articulation, and attention. They will be provided with written instructions for each activity so that they may easily reference them in their clinical or improv practices. The presenting clinician has successfully used these activities with children with articulation, language and attention deficits and for adults with aphasia, dysarthria, and cognitive changes, including those with Parkinson’s Disease. Evidence supporting the use of theatre-based treatment, found in several studies, will be included.
  • What Happens When an AI practioner Gets Cancer? - Izzy Gesell
    A cancer diagnosis affects patient, family,  friends and both personal and profsessional caregivers. When Izzy Gesell was diagnosed with prostate cancer he struggled to accept the offer until he realized the diagnosis WAS an offer. From then on, the question, “what’s the offer here” help him see that AI and humor could markedly improve the mental, physical, emotional & spiritual well-being of the patients, caregiver and professional staff.  This talk is a glimpse into the program Izzy delivers to survivor, caregiver and medical groups dealing with a wide range of diagnoses, not just cancer. The aim is to  help them use AI & humor to foster resilience and communication while making each day count.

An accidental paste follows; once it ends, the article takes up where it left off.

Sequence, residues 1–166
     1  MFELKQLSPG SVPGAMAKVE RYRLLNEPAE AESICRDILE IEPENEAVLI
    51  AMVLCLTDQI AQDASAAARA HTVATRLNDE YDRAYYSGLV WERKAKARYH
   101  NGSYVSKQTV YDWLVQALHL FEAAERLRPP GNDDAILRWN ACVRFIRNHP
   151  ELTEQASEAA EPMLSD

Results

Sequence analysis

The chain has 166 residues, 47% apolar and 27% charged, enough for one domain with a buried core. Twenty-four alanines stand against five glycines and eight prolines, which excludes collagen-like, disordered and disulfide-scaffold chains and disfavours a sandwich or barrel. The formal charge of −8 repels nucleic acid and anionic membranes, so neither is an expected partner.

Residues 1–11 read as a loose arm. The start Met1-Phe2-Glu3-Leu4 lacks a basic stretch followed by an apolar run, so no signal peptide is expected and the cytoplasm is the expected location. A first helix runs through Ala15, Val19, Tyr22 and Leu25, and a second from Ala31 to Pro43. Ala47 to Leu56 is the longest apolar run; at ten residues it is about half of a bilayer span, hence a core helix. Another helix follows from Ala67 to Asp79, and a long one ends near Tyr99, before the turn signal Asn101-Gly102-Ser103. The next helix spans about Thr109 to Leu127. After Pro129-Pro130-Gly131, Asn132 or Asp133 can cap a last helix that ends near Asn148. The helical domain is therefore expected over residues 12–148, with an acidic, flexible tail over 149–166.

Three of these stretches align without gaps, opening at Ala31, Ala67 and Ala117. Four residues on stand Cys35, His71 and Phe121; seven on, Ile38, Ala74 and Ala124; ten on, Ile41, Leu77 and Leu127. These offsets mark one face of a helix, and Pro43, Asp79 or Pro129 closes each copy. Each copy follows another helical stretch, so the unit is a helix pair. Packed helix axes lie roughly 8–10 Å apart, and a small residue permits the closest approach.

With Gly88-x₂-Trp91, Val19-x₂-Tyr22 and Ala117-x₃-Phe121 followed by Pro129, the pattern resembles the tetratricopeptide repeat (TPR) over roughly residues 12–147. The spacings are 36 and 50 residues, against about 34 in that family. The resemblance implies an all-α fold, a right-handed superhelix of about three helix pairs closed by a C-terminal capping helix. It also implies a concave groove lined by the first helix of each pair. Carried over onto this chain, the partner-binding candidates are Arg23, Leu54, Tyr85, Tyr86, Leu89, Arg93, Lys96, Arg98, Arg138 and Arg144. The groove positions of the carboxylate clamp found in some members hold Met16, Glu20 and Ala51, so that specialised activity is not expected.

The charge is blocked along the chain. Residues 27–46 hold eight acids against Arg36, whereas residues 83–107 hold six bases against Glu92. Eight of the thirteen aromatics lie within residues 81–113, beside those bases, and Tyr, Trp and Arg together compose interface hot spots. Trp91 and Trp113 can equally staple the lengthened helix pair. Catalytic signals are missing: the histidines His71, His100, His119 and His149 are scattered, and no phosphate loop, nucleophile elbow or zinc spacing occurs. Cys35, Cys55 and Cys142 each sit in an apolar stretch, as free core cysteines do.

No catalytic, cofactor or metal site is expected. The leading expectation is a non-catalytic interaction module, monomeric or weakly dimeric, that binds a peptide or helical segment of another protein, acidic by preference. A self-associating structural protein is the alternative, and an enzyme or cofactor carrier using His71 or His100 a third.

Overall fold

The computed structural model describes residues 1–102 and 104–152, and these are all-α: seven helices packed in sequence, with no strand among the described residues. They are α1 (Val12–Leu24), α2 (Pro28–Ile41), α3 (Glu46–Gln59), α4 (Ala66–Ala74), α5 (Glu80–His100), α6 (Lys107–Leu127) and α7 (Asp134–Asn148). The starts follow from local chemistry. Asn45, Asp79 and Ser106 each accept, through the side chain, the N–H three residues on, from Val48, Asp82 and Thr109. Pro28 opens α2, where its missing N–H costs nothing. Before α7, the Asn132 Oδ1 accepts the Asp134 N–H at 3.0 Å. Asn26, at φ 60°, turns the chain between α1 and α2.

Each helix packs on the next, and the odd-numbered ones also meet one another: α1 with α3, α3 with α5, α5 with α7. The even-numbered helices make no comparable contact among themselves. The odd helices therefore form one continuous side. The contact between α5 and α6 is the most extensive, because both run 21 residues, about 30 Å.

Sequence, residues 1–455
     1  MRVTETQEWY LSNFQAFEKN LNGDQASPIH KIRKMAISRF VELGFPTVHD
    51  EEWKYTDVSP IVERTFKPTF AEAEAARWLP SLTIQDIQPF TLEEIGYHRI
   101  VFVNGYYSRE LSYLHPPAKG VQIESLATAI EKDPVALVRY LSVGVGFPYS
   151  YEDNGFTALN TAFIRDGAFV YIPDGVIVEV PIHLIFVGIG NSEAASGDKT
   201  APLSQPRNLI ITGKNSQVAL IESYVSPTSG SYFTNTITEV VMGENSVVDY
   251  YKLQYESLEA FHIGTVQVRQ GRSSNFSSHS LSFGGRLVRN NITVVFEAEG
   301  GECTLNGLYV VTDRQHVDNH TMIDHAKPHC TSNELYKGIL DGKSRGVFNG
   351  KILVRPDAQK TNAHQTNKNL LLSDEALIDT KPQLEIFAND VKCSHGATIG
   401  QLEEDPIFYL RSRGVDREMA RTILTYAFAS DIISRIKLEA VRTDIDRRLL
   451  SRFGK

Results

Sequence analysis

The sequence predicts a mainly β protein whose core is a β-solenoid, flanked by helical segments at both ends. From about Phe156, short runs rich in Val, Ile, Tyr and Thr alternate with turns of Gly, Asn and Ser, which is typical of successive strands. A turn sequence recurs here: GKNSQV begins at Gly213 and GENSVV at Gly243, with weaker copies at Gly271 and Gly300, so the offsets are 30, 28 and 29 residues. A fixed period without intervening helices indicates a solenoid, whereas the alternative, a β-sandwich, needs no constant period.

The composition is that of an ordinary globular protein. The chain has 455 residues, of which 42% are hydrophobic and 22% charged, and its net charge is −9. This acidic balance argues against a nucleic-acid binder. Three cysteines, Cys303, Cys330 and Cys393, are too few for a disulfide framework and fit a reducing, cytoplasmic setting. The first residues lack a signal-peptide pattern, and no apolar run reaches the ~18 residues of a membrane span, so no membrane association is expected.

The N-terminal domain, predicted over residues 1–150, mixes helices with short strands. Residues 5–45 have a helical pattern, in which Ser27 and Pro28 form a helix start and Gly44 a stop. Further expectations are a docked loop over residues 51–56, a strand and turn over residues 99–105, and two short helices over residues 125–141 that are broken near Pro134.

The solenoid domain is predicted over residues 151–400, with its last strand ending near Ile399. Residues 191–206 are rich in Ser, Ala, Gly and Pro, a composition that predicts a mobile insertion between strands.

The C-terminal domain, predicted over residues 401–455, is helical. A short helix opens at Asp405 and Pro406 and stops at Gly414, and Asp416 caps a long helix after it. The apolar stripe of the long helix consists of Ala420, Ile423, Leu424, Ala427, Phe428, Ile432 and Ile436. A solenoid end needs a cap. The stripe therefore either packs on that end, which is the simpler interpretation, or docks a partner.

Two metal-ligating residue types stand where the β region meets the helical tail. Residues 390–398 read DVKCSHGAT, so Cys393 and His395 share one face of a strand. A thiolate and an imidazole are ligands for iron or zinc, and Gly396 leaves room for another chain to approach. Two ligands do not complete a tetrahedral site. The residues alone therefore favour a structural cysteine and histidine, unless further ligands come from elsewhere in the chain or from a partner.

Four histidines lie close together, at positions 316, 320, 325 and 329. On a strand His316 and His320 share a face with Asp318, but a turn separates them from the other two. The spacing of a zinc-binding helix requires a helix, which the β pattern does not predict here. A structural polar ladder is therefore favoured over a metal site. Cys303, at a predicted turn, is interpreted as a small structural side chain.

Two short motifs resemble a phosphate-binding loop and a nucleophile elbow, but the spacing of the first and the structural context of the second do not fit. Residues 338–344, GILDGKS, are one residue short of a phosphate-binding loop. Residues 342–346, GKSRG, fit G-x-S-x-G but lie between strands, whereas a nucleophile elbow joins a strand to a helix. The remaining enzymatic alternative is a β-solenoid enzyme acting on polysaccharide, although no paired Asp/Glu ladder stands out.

• The Unexpected Benefits Of Improv For Researchers - Viki Lazer and Amy Carroll
    When asked whether they are creative, most young scientists say no. When asked what skills are important for research, what appears? Creativity!
    In an environment that is extremely competitive and unpredictable, where reward and recognition are scarce, young scientists face a variety of obstacles. How can improv make the lives - and work - of researchers better? The practice of improv brings more to scientists than a creativity boost. In this talk we'll group the benefits of improv for researchers into three categories: mental health, research, and communication. Creating an inclusive community brings together researchers from different countries, cultures and disciplines. This sense of community can help researchers through tough times.